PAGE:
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Seeing death in another light

There wasn’t a cloud over the Pacific.  Drinking my black coffee atop Hotel La Cabaña, I couldn’t take my eyes off the skies.  The fresh bay breezes cooling my face were quite invigorating.  It was a picturesque morning in Puerto Ángel, Oaxaca.

Suddenly, an unexpected question brought me back to the girl with whom I’d been chatting with over breakfast.

“How do Americans view death?” asked Tanya, before sipping from her cup of Joe. 

“I’d say most of us are scared of it,” I replied.  “What about you?”

“In México, we see death as just another part of the life cycle,” the lively brunette added.

“So, you don’t take it seriously?” I further pried.

“We try to live in the moment instead of fearing death our whole lives.  We also try to have fun with it.   That’s why Mexicans celebrate Day of the Dead and have such pretty cemeteries, for example,” Tanya explained while her brown peepers focused on something behind me.  

I looked over my left shoulder and noticed what had sparked this topic.  Below the railing of our thatched rooftop was a splendid cemetery.  I was immediately impressed with the colorful graves and endless crucifixes that dominated the healthy hillside. 

“It looks beautiful,” I said.

“It is.  You should go inside sometime,” the Cuernavaca native suggested.

I agreed.  Over the next half hour, the conversation changed to other subjects, such as Gabriel García Márquez and rock music, but I still couldn’t get that marble town out of my head.  I had to see it.

A few days later, I found myself eagerly approaching death’s door.   I had been anxious to tour the tombs ever since Tanya’s recommendation, but it wasn’t the actual reason for my perspiration.  The February sun was searing, causing my pack to stick to my soaked back.  Despite the sweat stinging my eyes, I was nonetheless set on what lay on the other side of the baby blue archway.  I wiped my brow with a sopping bandana and entered Puerto Ángel’s cemetery. 

Although I was meandering amongst the dead, the verdant hillside was very much alive due to its vistas, alluring adornments, and sharp colors.  The funerary grounds provided an excellent view of the ocean waves that calmly flowed in from the bay and lightly splashed upon Playa Panteón.  Moreover, the tombs were delightfully decorated.  Countless candles, infinite flowers, and beautiful black pottery rested on the resting places.  Sparkling white, striking yellow and stunning blue hues also enriched the necropolis.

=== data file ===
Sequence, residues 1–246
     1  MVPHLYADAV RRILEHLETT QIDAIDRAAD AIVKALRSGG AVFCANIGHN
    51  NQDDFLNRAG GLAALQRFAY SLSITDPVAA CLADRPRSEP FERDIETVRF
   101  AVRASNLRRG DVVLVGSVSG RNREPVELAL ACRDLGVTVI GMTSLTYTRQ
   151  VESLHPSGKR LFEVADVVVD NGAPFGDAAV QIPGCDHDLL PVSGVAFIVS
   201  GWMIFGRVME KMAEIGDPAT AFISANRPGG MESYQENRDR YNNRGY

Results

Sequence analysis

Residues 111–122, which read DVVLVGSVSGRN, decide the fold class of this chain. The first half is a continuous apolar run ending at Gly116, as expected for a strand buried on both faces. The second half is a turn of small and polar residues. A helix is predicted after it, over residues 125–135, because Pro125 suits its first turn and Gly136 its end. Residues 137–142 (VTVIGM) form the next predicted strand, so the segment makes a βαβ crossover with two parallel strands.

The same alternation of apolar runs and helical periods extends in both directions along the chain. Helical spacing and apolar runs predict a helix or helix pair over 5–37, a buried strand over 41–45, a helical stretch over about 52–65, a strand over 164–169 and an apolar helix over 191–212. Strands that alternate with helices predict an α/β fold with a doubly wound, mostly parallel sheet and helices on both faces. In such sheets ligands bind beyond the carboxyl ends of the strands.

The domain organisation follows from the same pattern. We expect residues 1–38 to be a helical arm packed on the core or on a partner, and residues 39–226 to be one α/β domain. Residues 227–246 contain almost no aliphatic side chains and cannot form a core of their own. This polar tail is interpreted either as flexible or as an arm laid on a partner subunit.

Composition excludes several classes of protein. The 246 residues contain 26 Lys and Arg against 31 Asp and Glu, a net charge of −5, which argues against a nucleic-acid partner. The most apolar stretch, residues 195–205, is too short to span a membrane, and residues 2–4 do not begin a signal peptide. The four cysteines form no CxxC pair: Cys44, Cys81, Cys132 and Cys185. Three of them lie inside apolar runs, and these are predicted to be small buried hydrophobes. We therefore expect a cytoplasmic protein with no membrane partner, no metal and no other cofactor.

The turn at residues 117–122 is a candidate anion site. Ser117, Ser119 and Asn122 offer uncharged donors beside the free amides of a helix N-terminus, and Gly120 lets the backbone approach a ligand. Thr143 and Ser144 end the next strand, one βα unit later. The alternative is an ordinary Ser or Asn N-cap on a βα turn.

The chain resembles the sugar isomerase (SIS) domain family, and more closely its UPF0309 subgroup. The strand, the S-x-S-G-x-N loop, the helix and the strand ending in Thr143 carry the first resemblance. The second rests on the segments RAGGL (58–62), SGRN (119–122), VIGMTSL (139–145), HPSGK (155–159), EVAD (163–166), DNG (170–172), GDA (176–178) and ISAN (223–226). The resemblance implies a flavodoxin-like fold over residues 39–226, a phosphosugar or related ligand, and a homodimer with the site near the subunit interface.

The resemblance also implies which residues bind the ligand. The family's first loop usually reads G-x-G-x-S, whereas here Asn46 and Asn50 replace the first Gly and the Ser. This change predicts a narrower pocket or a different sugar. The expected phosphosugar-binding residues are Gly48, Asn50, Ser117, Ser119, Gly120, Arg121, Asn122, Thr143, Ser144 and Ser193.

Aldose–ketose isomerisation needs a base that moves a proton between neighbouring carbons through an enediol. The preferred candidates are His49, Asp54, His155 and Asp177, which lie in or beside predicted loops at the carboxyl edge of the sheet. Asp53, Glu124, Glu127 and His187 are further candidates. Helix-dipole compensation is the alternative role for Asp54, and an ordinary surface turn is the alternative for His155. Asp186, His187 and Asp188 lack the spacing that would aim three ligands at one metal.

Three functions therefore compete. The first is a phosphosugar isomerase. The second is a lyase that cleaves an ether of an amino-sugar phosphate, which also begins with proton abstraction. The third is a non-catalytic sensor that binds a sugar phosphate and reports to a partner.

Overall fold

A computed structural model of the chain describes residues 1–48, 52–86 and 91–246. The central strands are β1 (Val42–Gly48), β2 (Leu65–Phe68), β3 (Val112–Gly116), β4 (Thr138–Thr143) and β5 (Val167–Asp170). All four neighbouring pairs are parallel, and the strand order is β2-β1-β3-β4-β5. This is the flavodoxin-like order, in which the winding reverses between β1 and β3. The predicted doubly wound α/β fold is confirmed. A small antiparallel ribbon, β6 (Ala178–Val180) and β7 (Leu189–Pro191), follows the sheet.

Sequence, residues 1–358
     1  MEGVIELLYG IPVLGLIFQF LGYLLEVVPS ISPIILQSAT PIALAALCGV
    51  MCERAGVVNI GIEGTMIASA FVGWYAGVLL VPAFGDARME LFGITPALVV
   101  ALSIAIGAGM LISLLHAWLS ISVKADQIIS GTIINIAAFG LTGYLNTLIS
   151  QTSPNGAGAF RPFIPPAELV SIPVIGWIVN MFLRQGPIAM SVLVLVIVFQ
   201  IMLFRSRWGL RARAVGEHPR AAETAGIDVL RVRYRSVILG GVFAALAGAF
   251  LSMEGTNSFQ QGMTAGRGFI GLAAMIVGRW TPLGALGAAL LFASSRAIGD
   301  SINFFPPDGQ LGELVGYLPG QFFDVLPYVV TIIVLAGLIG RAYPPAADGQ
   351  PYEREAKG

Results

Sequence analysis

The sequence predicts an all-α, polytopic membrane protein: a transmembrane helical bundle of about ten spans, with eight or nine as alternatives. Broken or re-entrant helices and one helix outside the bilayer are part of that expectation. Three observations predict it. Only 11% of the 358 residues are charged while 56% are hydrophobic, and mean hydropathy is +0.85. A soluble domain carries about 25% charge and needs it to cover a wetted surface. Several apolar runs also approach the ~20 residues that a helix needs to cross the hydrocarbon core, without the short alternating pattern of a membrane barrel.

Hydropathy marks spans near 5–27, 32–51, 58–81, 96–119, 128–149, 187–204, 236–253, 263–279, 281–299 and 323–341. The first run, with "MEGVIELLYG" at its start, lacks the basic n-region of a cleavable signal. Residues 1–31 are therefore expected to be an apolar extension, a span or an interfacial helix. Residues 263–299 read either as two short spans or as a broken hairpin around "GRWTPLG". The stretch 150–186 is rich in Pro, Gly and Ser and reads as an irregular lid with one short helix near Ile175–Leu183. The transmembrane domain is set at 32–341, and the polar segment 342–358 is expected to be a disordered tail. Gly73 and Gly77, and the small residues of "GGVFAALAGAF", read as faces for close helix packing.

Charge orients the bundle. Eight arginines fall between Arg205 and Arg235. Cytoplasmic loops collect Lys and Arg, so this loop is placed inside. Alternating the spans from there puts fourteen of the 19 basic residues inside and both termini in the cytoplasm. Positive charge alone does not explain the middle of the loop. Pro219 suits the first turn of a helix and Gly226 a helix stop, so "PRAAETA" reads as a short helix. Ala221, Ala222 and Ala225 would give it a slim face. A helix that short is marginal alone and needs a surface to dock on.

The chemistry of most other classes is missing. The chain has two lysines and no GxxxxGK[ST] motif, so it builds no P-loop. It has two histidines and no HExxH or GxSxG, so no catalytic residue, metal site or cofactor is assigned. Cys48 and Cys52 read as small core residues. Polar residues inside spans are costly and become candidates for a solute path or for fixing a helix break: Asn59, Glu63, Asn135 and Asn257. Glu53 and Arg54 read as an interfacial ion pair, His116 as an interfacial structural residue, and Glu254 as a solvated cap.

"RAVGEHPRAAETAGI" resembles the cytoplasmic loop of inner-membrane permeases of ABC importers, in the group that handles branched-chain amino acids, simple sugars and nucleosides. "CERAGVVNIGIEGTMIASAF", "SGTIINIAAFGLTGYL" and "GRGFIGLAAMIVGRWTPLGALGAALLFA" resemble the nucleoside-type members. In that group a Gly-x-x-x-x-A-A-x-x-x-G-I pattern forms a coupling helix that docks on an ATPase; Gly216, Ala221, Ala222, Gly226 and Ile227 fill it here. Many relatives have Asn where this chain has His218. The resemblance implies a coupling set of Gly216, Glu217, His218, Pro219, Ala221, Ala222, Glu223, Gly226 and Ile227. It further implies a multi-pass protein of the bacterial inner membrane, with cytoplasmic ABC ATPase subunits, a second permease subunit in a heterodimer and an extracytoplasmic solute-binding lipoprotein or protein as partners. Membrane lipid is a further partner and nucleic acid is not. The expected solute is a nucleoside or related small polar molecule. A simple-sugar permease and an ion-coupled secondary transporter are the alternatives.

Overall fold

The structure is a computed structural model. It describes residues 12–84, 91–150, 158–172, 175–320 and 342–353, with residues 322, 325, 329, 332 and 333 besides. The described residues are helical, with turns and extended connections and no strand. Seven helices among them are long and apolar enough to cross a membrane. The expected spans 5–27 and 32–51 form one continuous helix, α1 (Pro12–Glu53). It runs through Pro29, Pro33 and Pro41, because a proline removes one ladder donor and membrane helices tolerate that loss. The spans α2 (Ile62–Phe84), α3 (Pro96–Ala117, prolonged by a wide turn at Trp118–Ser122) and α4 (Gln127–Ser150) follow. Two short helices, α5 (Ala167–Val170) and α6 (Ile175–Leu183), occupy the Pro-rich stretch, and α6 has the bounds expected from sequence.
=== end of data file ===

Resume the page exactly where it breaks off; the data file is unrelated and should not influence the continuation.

Intrigued by the stillness of the site, I carefully snaked uphill.  I explored the cemetery in utter silence, constantly weaving around leafy trees and shrubs to photograph the comely crypts in my path.  The dead air made me feel like I was the only person in the world as I ascended God’s acre.  I finally reached the hilltop and ogled the eternal homes for what seemed like an eternity.  I also admired Puerto Ángel’s charming cove while I caught my breath.  With a second wind at last, I enjoyed the Pacific gusts sweeping across my face for several minutes before heading back down.

Descending through the deceased, I saw a middle-aged man dusting off a few graves near the exit.  I noticed he was looking at me from under the weathered brim of his brown cowboy hat.  However, the guy didn’t say a word.  He simply nodded and grinned.

Oddly enough, I understood; no words were needed.  I realized that his smile was mirroring mine.  In fact, I thought the man’s quiet pleasantry was rather appropriate.  It represented the quiet pleasantness I had just experienced throughout the graveyard.  And as I squinted at the sun blazing high above the cemetery gates, I also realized that death never looked so bright.

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